Surfactant-polymer nanoparticles overcome P-glycoprotein-mediated drug efflux

Mahesh D. Chavanpatil, Ayman Khdair, Brigitte Gerard, Corbin Bachmeier, Donald W. Miller, Malathy P.V. Shekhar, Jayanth Panyam

Research output: Contribution to journalArticlepeer-review

105 Scopus citations

Abstract

Nanoparticles enhance the therapeutic efficacy of an encapsulated drug by increasing and sustaining the delivery of the drug inside the cell. We have previously demonstrated that Aerosol OT (AOT)-alginate nanoparticles, a novel formulation developed recently in our laboratory, significantly enhance the therapeutic efficacy of encapsulated drugs like doxorubicin in drug-sensitive tumor cells. The purpose of this study is to evaluate the drug delivery potential of AOT-alginate nanoparticles in drug-resistant cells overexpressing the drug efflux transporter, P-glycoprotein (P-gp). AOT-alginate nanoparticles were formulated using an emulsion-cross-linking process. Rhodamine 123 and doxorubicin were used as model P-gp substrates. Cytotoxicity of nanoparticle-encapsulated doxorubicin and kinetics of nanoparticle-mediated cellular drug delivery were evaluated in both drug-sensitive and -resistant cell lines. AOT-alginate nanoparticles enhanced the cytotoxicity of doxorubicin significantly in drug-resistant cells. The enhancement in cytotoxicity with nanoparticles was sustained over a period of 10 days. Uptake studies with rhodamine-loaded nanoparticles indicated that nanoparticles significantly increased the level of drug accumulation in resistant cells at nanoparticle doses higher than 200 μg/mL. Blank nanoparticles also improved rhodamine accumulation in drug-resistant cells in a dose-dependent manner. Nanoparticle-mediated enhancement in rhodamine accumulation was not because of membrane permeabilization. Fluorescence microscopy studies demonstrated that nanoparticle-encapsulated doxorubicin was predominantly localized in the perinuclear vesicles and to a lesser extent in the nucleus, whereas free doxorubicin accumulated mainly in peripheral endocytic vesicles. Inhibition of P-gp-mediated rhodamine efflux with AOT-alginate nanoparticles was confirmed in primary brain microvessel endothelial cells. In conclusion, an AOT-alginate nanoparticle system enhanced the cellular delivery and therapeutic efficacy of P-gp substrates in P-gp-overexpressing cells.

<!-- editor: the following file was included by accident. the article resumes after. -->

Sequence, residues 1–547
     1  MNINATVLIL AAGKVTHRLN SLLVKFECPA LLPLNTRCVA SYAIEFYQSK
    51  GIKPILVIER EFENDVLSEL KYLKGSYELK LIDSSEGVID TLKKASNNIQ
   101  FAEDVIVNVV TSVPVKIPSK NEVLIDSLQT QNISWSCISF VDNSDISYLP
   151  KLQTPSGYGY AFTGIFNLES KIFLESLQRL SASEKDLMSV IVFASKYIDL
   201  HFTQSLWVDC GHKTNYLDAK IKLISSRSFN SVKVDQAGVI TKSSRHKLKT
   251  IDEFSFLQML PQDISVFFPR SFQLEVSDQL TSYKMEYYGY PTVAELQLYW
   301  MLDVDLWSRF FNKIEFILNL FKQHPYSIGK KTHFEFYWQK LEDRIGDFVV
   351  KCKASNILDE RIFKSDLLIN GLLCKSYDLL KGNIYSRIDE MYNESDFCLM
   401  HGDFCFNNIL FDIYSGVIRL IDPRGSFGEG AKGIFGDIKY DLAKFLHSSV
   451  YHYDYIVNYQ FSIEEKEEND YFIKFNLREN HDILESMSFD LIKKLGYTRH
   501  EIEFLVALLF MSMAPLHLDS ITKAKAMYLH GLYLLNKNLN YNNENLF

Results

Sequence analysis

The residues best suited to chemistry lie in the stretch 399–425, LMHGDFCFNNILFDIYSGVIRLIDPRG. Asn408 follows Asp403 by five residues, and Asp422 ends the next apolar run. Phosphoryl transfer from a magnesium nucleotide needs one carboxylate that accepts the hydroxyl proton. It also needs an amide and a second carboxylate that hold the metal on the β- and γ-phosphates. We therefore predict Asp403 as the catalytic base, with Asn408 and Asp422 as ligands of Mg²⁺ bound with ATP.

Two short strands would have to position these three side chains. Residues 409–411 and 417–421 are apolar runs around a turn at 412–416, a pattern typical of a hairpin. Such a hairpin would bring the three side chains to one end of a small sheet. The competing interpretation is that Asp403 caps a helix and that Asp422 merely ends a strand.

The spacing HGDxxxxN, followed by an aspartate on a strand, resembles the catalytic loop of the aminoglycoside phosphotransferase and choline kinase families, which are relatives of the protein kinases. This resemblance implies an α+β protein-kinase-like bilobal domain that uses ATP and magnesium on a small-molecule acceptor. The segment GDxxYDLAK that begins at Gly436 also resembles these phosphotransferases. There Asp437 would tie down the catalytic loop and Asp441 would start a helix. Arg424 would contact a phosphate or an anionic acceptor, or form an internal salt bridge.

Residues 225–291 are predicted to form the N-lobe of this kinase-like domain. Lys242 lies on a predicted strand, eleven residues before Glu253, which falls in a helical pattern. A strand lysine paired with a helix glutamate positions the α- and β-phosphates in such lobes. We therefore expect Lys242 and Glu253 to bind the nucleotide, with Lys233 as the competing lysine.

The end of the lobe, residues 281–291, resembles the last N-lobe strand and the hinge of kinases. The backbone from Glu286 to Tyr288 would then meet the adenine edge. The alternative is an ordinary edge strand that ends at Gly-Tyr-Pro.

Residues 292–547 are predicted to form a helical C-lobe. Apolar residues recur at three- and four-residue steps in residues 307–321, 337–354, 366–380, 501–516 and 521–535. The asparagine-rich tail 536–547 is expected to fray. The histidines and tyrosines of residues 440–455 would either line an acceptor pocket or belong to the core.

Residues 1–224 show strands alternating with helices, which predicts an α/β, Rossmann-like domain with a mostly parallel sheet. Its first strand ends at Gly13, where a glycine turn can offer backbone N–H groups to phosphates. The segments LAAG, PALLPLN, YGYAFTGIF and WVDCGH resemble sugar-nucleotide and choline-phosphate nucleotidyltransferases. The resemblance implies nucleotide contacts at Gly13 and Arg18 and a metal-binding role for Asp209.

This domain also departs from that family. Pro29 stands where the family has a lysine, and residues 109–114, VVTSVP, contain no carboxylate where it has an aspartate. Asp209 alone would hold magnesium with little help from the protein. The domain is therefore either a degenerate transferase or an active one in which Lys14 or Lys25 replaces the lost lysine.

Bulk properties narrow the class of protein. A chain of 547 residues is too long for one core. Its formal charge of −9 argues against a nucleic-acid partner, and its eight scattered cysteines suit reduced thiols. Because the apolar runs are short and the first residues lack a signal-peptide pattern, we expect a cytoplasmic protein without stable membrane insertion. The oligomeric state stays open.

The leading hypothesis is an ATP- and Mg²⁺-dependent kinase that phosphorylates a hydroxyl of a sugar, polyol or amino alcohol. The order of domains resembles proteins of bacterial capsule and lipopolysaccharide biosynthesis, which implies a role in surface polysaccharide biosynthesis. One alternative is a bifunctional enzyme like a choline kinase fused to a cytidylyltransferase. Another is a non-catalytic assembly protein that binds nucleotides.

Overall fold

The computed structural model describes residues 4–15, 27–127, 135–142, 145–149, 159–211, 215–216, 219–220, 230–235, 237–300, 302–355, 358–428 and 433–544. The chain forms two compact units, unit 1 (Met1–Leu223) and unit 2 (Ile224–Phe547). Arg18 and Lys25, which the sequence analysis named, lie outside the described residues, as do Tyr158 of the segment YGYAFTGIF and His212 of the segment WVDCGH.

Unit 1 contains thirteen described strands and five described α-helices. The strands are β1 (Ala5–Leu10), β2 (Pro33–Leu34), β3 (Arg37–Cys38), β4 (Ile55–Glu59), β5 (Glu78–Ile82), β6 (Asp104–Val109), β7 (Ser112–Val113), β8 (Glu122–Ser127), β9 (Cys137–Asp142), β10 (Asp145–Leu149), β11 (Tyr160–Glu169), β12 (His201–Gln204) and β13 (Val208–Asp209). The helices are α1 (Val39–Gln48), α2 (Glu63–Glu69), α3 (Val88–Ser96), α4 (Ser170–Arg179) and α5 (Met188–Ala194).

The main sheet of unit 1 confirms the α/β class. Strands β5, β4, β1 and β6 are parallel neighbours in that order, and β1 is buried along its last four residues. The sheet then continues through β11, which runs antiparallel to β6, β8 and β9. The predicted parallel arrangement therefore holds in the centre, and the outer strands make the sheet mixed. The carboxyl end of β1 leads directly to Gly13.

Original languageEnglish (US)
Pages (from-to)730-738
Number of pages9
JournalMolecular pharmaceutics
Volume4
Issue number5
DOIs
StatePublished - Sep 1 2007

Keywords

  • Cytotoxicity
  • Drug efflux
  • Multidrug resistance
  • Polymer
  • Surfactants
  • Sustained release

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